At the gym last night, I settled onto the elliptical with a magazine from the community rack. I’m not a regular People Magazine reader, but as I was flipping through this issue from late September, I saw a PS3 ad. The ad features a teen boy who looks to be enjoying himself and a middle-aged woman as his mother next to him, also looking to be enjoying herself. Both had controllers in their hands and looked to be having fun playing.
The tagline that accompanied the ad referred to the recent price drop but also served to be really inclusive. Unfortunately, I don’t recall the exact content, but I believe it was something about the PS3 being at a price that suits everyone.
People‘s demographics skew very female, and range through various age groups, so this was a pleasant surprise. To see gaming not only marketed as something women of any age do, but without the usual attention being called to her as a female playing games. (See the PSP’s recent lavender release with its ill-considered “Girlz Play Too!” tagline and obvious lineup of Hannah Montana and other similar games). Surely there would be some sort of division in the games, right?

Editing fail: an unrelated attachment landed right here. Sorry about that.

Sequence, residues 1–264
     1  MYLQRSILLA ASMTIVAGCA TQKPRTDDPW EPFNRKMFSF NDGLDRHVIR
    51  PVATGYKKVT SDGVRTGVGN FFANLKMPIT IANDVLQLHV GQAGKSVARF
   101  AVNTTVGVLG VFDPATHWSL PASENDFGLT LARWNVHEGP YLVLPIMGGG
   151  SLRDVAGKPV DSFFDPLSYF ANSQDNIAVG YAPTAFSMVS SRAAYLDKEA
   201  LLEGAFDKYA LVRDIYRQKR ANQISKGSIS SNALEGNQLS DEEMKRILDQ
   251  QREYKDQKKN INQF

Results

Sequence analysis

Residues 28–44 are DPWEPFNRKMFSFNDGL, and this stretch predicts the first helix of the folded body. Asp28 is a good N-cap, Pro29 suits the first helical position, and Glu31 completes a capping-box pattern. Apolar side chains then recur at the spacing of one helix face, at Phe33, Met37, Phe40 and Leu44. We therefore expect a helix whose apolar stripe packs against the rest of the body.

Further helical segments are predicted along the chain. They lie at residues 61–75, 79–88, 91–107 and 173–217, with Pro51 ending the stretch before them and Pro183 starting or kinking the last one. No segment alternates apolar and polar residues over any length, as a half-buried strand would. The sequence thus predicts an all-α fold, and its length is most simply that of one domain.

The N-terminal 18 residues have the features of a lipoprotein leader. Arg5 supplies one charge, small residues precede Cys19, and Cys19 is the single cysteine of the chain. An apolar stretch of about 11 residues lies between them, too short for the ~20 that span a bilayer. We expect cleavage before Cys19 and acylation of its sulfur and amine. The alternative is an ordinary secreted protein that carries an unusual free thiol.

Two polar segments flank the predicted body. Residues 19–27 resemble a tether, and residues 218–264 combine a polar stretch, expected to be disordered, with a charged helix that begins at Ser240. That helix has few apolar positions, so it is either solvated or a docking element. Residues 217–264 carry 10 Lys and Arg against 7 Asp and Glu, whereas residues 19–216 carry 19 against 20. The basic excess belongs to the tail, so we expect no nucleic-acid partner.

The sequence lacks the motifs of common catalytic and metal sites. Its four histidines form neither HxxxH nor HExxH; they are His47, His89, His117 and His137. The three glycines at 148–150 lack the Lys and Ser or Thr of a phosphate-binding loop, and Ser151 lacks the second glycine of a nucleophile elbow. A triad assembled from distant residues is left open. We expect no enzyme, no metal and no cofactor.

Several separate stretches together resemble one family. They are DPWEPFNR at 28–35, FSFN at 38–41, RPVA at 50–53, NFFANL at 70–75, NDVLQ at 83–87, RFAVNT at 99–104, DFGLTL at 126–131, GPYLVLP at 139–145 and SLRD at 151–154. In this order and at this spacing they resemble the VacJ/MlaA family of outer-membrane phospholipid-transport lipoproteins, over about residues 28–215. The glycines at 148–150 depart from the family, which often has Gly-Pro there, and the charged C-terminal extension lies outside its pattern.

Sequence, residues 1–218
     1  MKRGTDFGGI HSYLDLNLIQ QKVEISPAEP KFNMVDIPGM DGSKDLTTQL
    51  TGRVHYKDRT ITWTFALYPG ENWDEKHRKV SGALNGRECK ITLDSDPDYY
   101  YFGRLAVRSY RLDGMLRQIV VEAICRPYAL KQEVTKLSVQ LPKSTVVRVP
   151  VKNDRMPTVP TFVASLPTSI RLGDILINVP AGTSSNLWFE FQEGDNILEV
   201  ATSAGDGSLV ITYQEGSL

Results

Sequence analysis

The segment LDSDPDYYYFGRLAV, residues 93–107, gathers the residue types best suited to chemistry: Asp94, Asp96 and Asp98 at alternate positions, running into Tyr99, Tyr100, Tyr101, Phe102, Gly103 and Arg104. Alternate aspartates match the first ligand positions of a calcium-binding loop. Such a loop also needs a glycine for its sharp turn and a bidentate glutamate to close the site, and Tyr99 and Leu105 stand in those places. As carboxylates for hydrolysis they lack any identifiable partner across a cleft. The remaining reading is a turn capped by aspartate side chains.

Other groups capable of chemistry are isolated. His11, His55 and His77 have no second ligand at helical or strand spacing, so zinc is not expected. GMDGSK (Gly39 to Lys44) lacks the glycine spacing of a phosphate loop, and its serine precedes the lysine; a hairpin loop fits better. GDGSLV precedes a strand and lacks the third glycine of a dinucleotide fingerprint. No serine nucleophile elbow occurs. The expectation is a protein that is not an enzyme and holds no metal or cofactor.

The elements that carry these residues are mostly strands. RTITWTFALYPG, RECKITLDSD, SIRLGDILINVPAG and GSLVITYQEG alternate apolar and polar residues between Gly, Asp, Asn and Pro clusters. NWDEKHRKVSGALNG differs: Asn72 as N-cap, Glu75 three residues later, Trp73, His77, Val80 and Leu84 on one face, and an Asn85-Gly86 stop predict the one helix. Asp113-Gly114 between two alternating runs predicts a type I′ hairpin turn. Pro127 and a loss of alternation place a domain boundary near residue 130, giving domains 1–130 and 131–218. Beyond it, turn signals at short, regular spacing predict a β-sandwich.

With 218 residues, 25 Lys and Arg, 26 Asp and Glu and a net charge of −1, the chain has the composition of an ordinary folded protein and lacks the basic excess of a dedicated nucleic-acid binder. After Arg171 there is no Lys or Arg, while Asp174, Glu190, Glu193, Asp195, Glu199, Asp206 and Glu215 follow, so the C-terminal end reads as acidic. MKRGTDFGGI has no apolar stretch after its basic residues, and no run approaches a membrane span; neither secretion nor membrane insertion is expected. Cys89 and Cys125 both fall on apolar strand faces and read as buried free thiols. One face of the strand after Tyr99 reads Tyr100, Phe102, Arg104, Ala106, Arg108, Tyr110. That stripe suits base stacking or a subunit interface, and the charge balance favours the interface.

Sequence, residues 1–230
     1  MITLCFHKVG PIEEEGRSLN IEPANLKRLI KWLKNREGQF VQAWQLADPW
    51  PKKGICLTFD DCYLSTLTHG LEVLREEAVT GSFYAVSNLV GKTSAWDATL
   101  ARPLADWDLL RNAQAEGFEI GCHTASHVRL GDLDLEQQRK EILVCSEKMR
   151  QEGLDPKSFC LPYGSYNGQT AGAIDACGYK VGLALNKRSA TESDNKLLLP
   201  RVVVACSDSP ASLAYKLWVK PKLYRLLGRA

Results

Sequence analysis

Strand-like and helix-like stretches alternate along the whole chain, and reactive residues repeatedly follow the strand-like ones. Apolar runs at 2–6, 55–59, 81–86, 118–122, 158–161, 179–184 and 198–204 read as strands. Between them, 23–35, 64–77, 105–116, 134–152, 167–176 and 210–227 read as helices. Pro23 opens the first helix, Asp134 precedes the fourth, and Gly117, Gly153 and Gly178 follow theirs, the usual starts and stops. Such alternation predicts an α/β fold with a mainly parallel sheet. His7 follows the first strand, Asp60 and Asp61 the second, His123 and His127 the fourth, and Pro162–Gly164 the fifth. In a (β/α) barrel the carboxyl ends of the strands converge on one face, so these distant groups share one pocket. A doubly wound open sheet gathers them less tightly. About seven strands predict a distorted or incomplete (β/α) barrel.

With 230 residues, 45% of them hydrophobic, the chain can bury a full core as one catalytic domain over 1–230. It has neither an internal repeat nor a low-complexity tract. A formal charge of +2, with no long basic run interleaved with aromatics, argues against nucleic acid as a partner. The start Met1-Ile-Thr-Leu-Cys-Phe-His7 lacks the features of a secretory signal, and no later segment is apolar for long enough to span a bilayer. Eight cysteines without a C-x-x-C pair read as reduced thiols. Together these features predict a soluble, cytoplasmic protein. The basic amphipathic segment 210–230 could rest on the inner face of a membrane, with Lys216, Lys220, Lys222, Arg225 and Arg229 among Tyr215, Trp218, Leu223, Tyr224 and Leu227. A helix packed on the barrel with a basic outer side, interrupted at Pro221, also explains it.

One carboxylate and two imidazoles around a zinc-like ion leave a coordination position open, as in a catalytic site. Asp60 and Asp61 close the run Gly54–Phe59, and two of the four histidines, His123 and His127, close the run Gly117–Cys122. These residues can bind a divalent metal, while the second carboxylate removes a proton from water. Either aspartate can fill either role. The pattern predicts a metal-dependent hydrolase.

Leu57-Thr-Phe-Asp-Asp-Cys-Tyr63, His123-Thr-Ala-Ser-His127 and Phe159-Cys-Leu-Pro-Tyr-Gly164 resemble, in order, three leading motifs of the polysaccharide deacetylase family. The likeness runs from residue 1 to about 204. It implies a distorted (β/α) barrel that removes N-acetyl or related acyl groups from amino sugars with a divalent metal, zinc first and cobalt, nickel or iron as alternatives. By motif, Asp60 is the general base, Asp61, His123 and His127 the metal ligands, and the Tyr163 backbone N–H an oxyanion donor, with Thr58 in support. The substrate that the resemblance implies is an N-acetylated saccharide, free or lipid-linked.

Nope. The game selection at the bottom wasn’t even divided into obvious gender targets like so many other ads are. The games were titles like Batman: Arkham Asylum and others. Not a puzzle game or fitness coaching game in sight.
Even though that lavender PSP stuff is still fresh in our minds, kudos to Sony’s marketing department for this great ad!